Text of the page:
Gear Review: Art Vintage Nylon Guitar by Luna

If you haven’t heard of or played an instrument from Luna Guitars, now is the perfect time to do it. Known for creating cost-effective instruments that are sometimes aimed at musicians with smaller hands and just starting out, the company is continuing to expand its line and appeal. 

Some of us began our musical journey learning to play on nylon string guitars in school and got a bad taste for them since the guitars provided were usually cheap and wouldn’t stay in tune. Plus, traditional nylon string guitars are known for having necks with a large width to facilitate fingerstyle picking and playing. Modern-day singer/songwriters such as Jason Mraz and Zac Brown have helped to bring nylon guitars back into the mainstream. Luna has addressed some of the frequent complaints that players have about nylon guitars, compared to their favorite steel-string acoustic or electric guitar in their new Art Vintage Nylon Acoustic-Electric. 

When American Songwriter received this for review, I found that I couldn’t stop playing it or looking at it when it was in the same room with me. Luna based this guitar around their Grand Auditorium body and covered it in a distressed brown burst finish that gives a vintage/retro look. The biggest takeaways that I had after first playing Luna’s Art Vintage Nylon Acoustic is that the body is thinner than a traditional nylon-string (making it easier to reach over the top for picking and strumming) and the neck is much thinner in width, making the fingering of chords and notes much more comfortable.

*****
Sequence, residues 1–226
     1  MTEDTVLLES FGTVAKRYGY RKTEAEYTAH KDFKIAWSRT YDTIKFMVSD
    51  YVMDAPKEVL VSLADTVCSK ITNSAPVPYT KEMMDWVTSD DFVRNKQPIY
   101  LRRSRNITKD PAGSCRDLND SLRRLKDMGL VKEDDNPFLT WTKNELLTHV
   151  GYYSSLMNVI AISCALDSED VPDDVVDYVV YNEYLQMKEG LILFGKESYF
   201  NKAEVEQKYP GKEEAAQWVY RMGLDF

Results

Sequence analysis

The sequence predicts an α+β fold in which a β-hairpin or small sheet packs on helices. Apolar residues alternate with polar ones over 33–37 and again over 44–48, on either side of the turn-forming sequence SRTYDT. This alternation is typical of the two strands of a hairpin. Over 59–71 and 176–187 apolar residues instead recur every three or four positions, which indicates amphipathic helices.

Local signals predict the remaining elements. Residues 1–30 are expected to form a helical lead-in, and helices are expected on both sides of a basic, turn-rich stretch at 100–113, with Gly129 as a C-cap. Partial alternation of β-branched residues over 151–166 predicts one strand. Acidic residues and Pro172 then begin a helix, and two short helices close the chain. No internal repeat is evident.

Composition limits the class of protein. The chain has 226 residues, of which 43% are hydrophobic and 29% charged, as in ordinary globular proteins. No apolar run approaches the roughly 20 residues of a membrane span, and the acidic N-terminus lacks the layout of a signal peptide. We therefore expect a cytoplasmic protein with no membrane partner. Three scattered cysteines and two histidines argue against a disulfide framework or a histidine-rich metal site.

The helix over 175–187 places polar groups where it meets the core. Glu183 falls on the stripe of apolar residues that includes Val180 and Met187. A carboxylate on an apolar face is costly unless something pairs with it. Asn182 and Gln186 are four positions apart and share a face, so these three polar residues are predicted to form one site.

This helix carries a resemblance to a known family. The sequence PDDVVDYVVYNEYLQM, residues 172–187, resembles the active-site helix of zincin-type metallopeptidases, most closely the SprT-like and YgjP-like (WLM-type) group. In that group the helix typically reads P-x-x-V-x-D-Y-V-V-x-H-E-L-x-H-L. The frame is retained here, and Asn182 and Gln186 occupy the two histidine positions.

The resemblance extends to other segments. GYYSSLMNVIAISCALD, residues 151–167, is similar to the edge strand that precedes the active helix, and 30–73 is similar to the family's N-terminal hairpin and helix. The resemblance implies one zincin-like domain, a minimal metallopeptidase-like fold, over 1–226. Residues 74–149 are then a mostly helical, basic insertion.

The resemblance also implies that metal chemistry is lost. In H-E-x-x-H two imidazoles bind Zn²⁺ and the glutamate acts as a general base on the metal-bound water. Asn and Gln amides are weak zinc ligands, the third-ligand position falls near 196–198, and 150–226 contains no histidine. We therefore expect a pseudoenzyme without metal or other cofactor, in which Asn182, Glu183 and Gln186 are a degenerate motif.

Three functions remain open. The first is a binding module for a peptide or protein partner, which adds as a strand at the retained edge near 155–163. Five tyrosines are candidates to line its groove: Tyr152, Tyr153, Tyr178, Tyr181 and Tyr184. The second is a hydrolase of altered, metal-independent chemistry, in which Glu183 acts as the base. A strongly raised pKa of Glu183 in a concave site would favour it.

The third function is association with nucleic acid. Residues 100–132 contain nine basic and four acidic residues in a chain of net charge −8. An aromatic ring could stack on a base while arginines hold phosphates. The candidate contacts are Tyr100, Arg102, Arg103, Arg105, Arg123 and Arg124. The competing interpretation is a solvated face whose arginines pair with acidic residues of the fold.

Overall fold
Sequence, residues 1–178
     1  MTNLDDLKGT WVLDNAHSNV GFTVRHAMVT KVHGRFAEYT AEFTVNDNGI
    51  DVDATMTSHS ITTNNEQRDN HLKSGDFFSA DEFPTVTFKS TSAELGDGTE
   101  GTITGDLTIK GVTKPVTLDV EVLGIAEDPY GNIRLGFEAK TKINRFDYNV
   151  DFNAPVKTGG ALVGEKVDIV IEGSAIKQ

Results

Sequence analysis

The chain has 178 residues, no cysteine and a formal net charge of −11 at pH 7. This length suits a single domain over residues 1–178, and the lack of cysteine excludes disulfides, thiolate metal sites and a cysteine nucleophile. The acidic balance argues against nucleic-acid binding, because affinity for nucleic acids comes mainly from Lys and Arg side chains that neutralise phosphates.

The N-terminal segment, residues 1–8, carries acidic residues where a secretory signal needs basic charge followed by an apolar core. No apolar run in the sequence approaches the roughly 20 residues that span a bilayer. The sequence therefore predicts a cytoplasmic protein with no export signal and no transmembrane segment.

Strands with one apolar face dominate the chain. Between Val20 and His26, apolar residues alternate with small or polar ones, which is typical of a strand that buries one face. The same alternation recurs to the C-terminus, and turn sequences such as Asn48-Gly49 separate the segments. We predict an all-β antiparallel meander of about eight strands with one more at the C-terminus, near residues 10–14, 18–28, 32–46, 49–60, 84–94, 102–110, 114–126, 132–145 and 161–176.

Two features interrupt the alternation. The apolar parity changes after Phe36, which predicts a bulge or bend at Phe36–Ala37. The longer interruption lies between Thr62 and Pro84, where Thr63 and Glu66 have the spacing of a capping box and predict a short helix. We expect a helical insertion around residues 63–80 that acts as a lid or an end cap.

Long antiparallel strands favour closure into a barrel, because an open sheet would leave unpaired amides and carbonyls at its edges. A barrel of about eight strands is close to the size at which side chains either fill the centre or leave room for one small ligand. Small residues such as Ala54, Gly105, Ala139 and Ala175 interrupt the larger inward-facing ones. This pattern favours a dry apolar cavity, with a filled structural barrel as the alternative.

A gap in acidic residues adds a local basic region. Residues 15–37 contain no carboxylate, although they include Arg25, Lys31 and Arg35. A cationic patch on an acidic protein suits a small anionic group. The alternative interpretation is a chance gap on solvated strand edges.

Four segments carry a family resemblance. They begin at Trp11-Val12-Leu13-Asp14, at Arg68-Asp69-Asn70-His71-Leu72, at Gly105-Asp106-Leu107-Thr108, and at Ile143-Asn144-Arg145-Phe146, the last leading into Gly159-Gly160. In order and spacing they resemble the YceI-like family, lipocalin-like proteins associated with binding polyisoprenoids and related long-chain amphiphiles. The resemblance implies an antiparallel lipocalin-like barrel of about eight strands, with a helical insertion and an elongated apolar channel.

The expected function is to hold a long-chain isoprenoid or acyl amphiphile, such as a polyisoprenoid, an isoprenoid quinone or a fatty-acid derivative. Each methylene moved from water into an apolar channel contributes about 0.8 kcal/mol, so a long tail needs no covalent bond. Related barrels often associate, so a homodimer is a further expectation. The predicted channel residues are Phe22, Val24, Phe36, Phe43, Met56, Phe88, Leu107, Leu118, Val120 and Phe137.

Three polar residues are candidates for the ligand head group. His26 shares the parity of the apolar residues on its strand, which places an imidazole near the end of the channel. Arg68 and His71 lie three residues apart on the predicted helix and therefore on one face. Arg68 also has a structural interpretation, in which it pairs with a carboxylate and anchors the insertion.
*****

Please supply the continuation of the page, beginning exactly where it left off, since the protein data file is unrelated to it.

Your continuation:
By installing accurate and smooth operating open-faced brushed nickel guitar tuners, Luna didn’t skimp on the details for this nylon string. The wood construction is all mahogany except for the top, which is solid spruce. The tight grain Pau Ferro fretboard has the feel and pop of ebony when you play it. Cosmetic accents include Pearloid moon phase fret markers to easily find your frets and keys when playing. Luna added a bone saddle and saddle to the Art Vintage guitar, which you usually see on much more expensive instruments than this. 

Nylon or Traditional Classical guitar purists aren’t fans of a cutaway body for fear that you are surrendering tone for convenience. I personally prefer cutaways to provide access to the higher register of frets for chording and soloing. It is impossible to run octave solos or chord higher voiced inversions up the fretboard unless you have a cutaway as Luna provided on this model.

For my own personal usage, every acoustic instrument I own must have some form of electronics for amplification. Luna installed the Fishman Classica II electronics with a built-in tuner in the Art Vintage Nylon Acoustic-Electric. You have bass, treble, volume, phase options, and a large easy read tuner screen in plain view on top of the guitar. The output jack and battery compartment are located at the bottom of the guitar next to the strap button. When I plugged in Luna’s Art Vintage, I was able to achieve a very full and balanced nylon sound that could be opened up for songwriter sessions or dialed back for a more rhythm and percussive feel.

At only $369 street, the Luna Art Vintage Nylon guitar gives you a lot of bang for your buck. It would also be a great writing and performing tool to provide another sound other than your regular steel-string guitars. My only recommendation would be to spend the money and purchase a decent gig bag to protect it. Just because you had a bad experience once on a nylon string guitar, don’t let that taint your view on all of them.

This new Luna is definitely worth a play and a listen!

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